Modern page builders perhaps use some other technique then dumping codes into the wysiwyg box, but it still feels like hacky stuff and a bit unnatural. Different page builders can’t work with each other, and widgets and plugins must be designed specifically for that page builder.

And that brings me to my question. Where is this going next? What is the next evolution of balancing developer design and end user editability? Because something is clearly lacking.

Recently I worked on a business site built on Processwire. I like PW as it adopts what one might think is a more modern way of doing things. Instead of the end user being given one single wysiwyg box to put in all content, the developer on PW creates individual and unique fields for all the custom content of any given template.
The developer creates fields, the fields are assigned to templates, and then any page that uses that template gets all those fields.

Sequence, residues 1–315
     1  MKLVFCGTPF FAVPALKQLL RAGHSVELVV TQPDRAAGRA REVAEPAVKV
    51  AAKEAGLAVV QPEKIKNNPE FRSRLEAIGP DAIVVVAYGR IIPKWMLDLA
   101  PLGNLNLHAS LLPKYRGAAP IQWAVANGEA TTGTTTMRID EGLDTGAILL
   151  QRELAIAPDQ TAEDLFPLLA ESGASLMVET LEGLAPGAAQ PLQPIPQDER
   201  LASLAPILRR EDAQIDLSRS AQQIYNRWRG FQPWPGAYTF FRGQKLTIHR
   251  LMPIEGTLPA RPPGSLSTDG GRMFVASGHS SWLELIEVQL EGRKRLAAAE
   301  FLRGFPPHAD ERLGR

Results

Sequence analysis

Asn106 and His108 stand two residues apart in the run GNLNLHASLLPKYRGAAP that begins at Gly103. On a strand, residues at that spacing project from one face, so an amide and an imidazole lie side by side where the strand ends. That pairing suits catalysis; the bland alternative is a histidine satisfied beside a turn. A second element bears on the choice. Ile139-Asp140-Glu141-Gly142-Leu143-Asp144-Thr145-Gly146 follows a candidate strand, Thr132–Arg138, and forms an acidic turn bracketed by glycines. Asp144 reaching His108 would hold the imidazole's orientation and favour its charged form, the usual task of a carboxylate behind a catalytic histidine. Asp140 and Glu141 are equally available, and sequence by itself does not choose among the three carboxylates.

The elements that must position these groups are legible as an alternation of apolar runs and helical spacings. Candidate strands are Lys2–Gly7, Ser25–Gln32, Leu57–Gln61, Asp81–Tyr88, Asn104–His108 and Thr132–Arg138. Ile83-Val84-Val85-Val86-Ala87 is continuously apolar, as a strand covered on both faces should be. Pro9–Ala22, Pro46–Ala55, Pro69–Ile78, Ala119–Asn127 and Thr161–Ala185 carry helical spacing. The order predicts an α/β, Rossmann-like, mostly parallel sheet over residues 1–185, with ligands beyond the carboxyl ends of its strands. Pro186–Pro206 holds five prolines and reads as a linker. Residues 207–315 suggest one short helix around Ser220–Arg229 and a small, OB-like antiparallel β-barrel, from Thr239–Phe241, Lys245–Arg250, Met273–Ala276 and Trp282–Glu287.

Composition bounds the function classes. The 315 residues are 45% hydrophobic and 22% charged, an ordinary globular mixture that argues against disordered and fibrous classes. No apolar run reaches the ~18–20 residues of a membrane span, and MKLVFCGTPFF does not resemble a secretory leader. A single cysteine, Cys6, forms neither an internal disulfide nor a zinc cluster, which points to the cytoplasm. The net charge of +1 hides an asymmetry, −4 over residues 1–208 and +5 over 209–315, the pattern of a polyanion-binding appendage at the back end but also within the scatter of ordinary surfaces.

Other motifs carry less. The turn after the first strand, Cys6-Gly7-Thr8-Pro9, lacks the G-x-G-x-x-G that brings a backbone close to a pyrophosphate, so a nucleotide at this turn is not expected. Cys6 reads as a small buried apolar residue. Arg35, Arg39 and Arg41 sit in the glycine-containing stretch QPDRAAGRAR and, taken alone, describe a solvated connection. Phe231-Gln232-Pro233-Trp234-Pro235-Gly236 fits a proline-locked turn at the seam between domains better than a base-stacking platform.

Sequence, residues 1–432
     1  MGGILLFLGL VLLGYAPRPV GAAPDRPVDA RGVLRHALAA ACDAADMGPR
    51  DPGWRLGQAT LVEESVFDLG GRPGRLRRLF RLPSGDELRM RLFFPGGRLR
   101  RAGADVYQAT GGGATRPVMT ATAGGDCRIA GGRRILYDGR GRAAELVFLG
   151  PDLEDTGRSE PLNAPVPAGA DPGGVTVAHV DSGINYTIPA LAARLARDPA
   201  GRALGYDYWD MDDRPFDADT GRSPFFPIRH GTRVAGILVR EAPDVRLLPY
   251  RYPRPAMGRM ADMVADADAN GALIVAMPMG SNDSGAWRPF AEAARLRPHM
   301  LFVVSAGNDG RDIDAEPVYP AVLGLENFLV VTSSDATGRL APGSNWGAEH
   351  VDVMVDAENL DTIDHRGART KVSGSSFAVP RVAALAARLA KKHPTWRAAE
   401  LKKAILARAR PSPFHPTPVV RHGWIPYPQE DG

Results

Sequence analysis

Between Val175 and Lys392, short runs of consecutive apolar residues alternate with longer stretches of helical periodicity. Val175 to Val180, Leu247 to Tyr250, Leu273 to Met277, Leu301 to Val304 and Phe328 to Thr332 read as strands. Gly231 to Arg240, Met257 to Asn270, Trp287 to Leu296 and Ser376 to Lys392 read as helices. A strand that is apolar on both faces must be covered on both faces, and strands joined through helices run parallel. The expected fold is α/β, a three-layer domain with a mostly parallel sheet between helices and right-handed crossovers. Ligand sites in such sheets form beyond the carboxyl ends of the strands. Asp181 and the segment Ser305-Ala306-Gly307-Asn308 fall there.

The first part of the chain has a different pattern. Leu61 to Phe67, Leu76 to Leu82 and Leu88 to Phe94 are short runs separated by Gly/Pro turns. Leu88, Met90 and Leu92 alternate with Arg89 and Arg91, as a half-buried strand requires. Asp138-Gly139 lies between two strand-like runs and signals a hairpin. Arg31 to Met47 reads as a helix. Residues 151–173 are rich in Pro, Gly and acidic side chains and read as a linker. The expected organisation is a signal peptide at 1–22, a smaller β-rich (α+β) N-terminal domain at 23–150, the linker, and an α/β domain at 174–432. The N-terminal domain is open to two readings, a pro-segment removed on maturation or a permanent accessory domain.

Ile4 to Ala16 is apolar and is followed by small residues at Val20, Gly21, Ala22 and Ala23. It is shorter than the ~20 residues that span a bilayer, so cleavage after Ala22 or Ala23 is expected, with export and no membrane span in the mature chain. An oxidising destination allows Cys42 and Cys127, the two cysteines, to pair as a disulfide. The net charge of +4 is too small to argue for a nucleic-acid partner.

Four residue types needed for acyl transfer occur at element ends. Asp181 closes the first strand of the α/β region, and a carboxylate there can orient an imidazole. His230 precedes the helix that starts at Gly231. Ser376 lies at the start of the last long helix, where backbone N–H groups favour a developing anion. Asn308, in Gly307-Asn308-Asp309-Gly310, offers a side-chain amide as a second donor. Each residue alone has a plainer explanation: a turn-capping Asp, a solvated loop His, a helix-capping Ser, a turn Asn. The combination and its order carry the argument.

(Note that I see this style of design used on WP too by using custom fields editor and creating special fields for output)

At first glance this feels pretty good, because the developer is in control of exactly what fields are needed for any given custom template, and can design those fields into the templates which can be standard HTML/CSS/PHP files. We can develop with normal code and have control over the output and CSS! Yay!

But this system runs into the rigid problem too. On this site I’m working on, there are templates with as many as 40 custom fields or more, each field linking directly to very specific output in the template. This is great if you build a design that is never going to change much, but I feel very locked in to all these custom fields which are directly tied to the developer’s original output code.